Drifting my rig into the slower pool during this time, I managed to land 7 brown trout which all took the BWO nymph imitation. I lost several others as well, and it seemed like I was hooking a fish on every other cast. Things slowed down for me after 3:30 PM as the BWO hatch seemed to subside and, by that point, I was fishing a bounce rig I had to retie (other one got snagged) that was probably too short for that pool. Left around 5:00 PM. Overall, I had a great time that day.

Dan’s note: I have already teased Mike about this, by asking him why he thinks fish are breaking him off? It is almost always the fault of the angler, not the fish. Hook set must be fast but gentle and don’t play them too hard… remember, Mike was using 6x (3 or 4 lb test at max – and that is before he had to tie knots) and size 20 hooks? How much fish can a size 20 hook grab onto? Not much.

Lower Provo River Fishing Report

Chris’s Fishing Report 5/7/20 – Lower Provo

Fishing was good yesterday below Deer Creek Dam. From 7:00 until 4:00 I landed 10 and lost 10 others. Most on soft hackle sow bugs. Some good sized fish up to 18″. Mostly browns with a few rainbows. No fish rising. Midges were hatching. Saw a few BWOs. At 2 pm the river rose quickly several inches and became unfishable and dangerous. I’d estimate it as over 1,000 cfs. It was back to normal 45 minutes to an hour later. Fishing was good again shortly after.

Other Observations and Reports

Looks like the flow on the Middle Provo is going to be like 2017 since the flow is already over 650 cfs in early May. Be prepared for flows to go over 1,000 cfs soon and it may stay that way for several weeks.

The Lower Provo flow has actually decreased from just over 700 cfs to 614 cfs today (May 9, 2020)

The Middle Provo is currently running about 630 cfs near Charleston

In the Lower Provo, flows over 600 cfs make some of the favorite places hard to fish, but Jim caught fish last week and Chris caught fish this week.

See the timing and magnitude of historic flows on the Middle Provo River

Historic Catch Data – Fly fishing Provo River

This report was prepared on May 9, so the dates include that date plus 10 days prior to and after for a total of 21 days (April 29 – May 19). I have data from 2014 – 2020.

During this time period I have records for 304 fish in 27 total fishing trips; 3 trips to the Lower Provo, 16 to the Middle Provo and also made trips to Little South Fork, Hobble Creek, Soldier Creek and the Strawberry River.

Since 2017, most of the fish in the database have actually been caught by our guided fly fishing clients and students, but Jim and I add to it like this week when we get a chance to fish.

Catch Chart for Middle Provo River Apr. 29 – May 19 (2014 – 2020)

Technique Fly Fish Pcent
nymphing
bounce

inline
or Czech
sow bug 68 34.0%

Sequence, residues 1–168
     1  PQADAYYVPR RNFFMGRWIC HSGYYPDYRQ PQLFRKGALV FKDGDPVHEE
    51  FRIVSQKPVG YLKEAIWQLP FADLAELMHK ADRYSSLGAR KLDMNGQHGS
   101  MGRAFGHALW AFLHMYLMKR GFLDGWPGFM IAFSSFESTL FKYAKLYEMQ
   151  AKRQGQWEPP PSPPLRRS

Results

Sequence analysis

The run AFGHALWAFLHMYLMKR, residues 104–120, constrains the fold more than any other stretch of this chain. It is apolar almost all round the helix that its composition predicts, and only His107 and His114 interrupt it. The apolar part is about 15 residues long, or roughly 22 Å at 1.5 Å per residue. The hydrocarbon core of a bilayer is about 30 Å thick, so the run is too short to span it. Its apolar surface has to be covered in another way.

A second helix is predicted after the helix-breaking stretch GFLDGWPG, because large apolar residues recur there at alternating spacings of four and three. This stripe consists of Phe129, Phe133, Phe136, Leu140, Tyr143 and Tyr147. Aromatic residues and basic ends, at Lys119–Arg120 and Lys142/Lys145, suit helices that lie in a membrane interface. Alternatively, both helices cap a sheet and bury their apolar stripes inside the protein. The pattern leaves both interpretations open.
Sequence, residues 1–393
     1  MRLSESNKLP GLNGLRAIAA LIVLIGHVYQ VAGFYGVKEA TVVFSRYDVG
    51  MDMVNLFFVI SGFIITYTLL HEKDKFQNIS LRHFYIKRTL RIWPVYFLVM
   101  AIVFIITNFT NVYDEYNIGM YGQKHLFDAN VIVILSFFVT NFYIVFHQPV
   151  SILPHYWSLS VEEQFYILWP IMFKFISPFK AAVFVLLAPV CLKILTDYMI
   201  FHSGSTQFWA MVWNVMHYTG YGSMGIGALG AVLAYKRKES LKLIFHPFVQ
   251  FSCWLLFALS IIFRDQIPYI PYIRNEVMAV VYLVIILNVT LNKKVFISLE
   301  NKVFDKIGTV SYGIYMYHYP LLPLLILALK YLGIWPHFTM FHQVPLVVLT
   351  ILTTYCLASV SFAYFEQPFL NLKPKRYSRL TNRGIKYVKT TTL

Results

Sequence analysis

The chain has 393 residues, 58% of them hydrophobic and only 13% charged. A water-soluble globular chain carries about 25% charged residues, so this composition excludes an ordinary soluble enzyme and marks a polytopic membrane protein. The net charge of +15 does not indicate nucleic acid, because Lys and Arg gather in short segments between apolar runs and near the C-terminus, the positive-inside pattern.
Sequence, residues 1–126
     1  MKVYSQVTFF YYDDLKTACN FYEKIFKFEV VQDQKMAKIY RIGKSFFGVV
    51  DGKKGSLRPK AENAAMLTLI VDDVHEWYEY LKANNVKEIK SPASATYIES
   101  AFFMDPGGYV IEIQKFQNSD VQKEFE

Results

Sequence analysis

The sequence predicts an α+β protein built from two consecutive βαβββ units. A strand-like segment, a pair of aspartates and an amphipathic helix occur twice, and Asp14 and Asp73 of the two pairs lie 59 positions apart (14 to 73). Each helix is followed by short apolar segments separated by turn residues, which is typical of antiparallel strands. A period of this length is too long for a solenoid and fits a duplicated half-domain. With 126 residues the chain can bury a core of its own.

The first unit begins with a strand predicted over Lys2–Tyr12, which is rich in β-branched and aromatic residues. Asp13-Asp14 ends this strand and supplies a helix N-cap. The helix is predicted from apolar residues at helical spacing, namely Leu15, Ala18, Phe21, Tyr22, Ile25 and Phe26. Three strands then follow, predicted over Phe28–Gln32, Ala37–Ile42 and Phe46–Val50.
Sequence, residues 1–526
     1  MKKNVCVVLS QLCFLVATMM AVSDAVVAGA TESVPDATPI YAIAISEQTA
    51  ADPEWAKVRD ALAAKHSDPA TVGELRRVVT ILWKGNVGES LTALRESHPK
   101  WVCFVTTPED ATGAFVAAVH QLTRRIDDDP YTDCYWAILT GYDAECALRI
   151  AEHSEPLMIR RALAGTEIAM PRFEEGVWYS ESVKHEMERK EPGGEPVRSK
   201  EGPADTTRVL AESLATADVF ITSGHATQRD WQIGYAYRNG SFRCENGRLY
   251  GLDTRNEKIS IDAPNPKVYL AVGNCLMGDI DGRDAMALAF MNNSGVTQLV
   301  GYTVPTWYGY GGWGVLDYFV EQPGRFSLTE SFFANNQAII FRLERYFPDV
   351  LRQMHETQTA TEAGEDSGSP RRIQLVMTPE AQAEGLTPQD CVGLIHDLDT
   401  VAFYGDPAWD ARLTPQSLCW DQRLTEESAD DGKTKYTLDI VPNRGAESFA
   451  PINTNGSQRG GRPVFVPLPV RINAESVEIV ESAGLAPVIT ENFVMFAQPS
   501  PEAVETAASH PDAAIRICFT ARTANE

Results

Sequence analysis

midge larvae 41 20.5%
BWO nymph 35 17.5%
P.R. worm 17  8.5%
caddis nymph
 9  4.5%
PMD nymph
 5  2.5%
Total bounce 175 87.5%
dry or
dry-dropper
caddis 11  5.5%
noseeum midge 10  5.0%
Palmer fly  2  1.0%
green shuck
 1  0.5%
BWO emerger
 1  0.5%
Total Top 25 12.5%

Catch Chart for Lower Provo River Apr. 29 – May 19 (2014 – 2020)

Technique Fly Fish Pcent
nymphing
bounce rig

sow bug 28 66.7%
BWO nymph 11 26.2%
midge larvae  3  7.1%
Total under
42 100%

For nymphing this time of year on the Middle Provo River, things have been very dynamic. Several weeks ago, all fish were being caught on sow bugs and midge larvae.

As soon as the flow increased, that turned off and we caught all fish on Provo River worms. (I did talk to anglers that caught fish on worms< but we did not). Now this week, we caught fish on midges, sow bugs, worms an BWO nymphs. As the water rises and banks start to collapse (or after a good rain) make sure to bring worms.

The data in the Catch Chart show fish caught by technique and by fly, but does not show the total effort that went into each technique/fly combination. Other techniques and flies may have been tried (such as swinging soft hackles or steamers), but were not included if no fish were caught during the time period.

Flies to Use in May on the Provo River

What flies should you have in your fly box the next few weeks on the Middle Provo River?

Middle Provo River

Our Catch Chart for the time frame (April 29 and May 19) has 91% of the catch on six flies.

  • sow bug
  • midge larvae
  • BWO nymph
  • P.R. worm
  • caddis dry fly
  • Midge – no-seeum dry fly

Lower Provo River

Our Catch Chart for the time frame (April 29 and May 19) has 100% of the catch on three flies.

  • midge larvae
  • sow bug
  • BWO nymph

We tie all our own flies, but remember that common store bought flies like Rainbow warrior, Zebra Midge and Tung teaser are mimics for midge larvae and baetis (BWO) nymphs.

And you should never go to the Middle Provo without a worm pattern of some kind and sow bugs in your fly box.


Want to Fish with us? We can give fishing lessons during the Pandemic if you have your own gear and can tie your own rigs? Click Here to Learn More.

This Provo River Fishing Outlook Report is provided by Jim O’Neal & BackcountryChronicles.com

Watch our fly fishing videos here at Jim’s YouTube site.

This week, I chose a video where we fished high water this time of year on the Middle Provo several years ago.

Big Provo River Trout on Tiny Flies

 

Check out the best fly box we’ve ever used. It’s Magnetic! Simply drop your wet flies on the magnetic pad and never lose another fly to the wind!

Comments, Opinions, Questions?

*